Drummer Girl 

England's Scout Niblett casts a spell.

British musician Scout Niblett (real name: Emma) finds inspiration in the more heady aspects of the world of music: How songs can be expressions of unarticulated desire, or brief three-minute philosophical postulations.

Playing only drums and singing, Scout Niblett has been compared to the usual suspects--you know, those solo female musicians whose voices are not so pretty and whose songs are not so melodic. But Niblett, with her blond wig and drumsticks, is not so much a drumming P.J. Harvey as she is the very embodiment of minimalist punk.

Niblett's musical history began at age 9, when she started playing the piano, and she was a songwriter from the beginning. Her very first song was called "The Magic of May," about "me and my friends dancing around a maypole," explained Niblett. She picked up the guitar in college and began donning a blond wig for performances, which she still wears while performing, more often than not.

"I used to do performance art," said Niblett. "(The wig) helps me step into a role. It's fun to dress up, really."

Niblett's songs, however, lack any kind of ornamentation or costume or affected persona. The lyrics are metaphoric, but directly so: "And Texas is hot. Even when driving at night. And Texas is sci-fi. And Texas is plain. And Texas is alright," are the entire lyrics to "Texas" off of her latest record, I Am, just released on Indiana's Secretly Canadian.

"I am an emergency vehicle," sings Niblett on the title track, "Bam bam here I am." Explained Niblett, "It just describes having this kind of force going through me, which for all intents and purposes is kind of the god force, and I call it the 'Magic I Am Presence.'"

The theme of magic permeates most songs on I Am, but we're not talking about witches and wizards and Floo powder; what Niblett is most interested in is the kind of magic people can create themselves through the sheer power of belief.

"'I'll Be A Prince' kind of fits into the reality of imagination thing, not saying that you want something, but realizing that you are that thing," said Niblett. "I think that's really about embodying something that's already there, but you just don't believe it about yourself for whatever reason."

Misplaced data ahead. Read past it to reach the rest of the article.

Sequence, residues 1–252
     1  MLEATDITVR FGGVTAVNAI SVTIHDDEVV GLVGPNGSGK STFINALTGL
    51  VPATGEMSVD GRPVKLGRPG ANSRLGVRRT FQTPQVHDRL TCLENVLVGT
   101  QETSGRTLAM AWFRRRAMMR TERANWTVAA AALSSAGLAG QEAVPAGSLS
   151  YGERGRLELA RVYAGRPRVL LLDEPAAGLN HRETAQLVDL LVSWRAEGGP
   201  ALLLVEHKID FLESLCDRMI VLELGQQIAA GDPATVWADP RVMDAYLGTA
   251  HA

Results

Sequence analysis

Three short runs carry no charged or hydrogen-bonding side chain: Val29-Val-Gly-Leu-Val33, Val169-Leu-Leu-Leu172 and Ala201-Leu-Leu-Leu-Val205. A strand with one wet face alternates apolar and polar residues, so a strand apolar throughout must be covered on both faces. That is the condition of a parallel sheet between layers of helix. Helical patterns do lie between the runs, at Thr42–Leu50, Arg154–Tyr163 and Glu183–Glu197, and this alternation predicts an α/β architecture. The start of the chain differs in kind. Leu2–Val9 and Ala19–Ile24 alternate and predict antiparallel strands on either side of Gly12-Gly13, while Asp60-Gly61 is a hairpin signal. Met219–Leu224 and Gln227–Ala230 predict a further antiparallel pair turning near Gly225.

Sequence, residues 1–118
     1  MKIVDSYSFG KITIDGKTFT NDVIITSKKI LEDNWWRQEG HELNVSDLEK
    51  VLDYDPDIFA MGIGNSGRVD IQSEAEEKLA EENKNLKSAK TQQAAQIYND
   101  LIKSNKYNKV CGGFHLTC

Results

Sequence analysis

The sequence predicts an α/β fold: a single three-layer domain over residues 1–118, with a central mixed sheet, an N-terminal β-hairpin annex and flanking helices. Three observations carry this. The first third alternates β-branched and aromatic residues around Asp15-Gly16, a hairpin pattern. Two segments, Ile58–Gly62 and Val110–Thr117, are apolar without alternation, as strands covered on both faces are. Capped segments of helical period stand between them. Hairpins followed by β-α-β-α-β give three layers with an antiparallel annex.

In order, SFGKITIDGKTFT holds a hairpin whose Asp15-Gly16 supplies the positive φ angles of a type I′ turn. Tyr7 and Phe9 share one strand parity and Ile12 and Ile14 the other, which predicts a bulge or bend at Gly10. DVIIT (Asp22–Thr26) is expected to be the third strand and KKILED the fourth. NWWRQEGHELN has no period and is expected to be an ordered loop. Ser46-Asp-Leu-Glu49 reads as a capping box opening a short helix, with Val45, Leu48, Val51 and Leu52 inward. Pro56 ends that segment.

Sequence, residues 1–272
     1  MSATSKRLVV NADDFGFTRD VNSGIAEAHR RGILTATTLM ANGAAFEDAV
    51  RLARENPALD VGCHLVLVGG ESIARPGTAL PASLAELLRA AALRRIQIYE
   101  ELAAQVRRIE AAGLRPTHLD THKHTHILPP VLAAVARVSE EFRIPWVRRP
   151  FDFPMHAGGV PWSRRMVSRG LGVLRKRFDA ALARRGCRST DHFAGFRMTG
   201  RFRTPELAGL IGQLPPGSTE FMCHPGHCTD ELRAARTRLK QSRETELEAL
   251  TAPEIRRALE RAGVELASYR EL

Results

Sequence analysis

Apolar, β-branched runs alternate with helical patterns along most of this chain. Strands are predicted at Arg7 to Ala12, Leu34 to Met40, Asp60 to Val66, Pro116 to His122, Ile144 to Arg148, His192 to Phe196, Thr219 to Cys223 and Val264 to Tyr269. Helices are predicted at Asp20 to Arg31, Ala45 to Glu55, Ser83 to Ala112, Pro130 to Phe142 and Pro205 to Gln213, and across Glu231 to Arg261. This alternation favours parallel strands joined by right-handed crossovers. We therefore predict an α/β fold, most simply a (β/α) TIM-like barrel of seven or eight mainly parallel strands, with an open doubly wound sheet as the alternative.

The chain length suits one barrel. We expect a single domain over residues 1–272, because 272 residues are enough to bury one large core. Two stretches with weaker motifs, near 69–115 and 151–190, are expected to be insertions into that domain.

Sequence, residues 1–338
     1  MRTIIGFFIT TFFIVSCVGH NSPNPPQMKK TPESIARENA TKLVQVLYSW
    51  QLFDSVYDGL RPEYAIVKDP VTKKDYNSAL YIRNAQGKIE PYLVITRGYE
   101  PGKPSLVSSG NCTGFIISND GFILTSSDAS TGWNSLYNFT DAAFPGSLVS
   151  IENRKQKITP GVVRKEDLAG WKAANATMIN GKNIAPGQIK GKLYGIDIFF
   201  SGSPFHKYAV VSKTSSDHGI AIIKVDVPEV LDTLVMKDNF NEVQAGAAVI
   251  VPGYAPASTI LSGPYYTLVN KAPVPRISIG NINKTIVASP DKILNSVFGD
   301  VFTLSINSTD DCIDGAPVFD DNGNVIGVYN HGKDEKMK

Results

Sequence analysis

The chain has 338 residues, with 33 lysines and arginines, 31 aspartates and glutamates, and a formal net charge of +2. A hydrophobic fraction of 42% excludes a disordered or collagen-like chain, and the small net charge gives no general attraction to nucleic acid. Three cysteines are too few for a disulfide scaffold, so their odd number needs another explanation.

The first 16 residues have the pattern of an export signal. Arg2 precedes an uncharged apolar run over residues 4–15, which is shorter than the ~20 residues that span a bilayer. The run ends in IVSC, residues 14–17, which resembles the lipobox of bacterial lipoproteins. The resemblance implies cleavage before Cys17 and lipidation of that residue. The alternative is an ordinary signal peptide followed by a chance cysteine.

Niblett said working with Steve Albini on the album was "really amazing. ... I was kind of in shock. He's just a brilliant engineer and he doesn't really interfere very much with what you're doing; he doesn't produce; he just engineers. A lot of the album is purely drums and vocals. In my record collection, the ones that he engineered (have) basically the best drum sound."

Niblett developed the drums and vocal sound over the past few years, straying more and more from her guitar with each recording.

"When I started playing (drums), I just found it instantly really fun, really inspiring, a really different experience than guitar," said Niblett. Having a new instrument to play helped her to write songs from a whole new angle. I Am does have some guitar and ukelele, but even when other instruments are present, the focus is on Niblett's loud, slightly dissonant vocals and drums. When she screams, "I can't wait 'til the morning, I gotta go now," at the end of "Drummer Boy," on the verge of temper tantrum, her voice bends into natural distortion; "12 Miles" seems more melodic and subdued by comparison.

Niblett is currently touring America, playing a few shows with Scottish singer/songwriter Alasdair Roberts, whose acoustic guitar songs with names like "The Whole House Is Singing" and "When a Man's in Love He Feels No Cold" explore magic in a more traditional folk-music way.

More by Annie Holub


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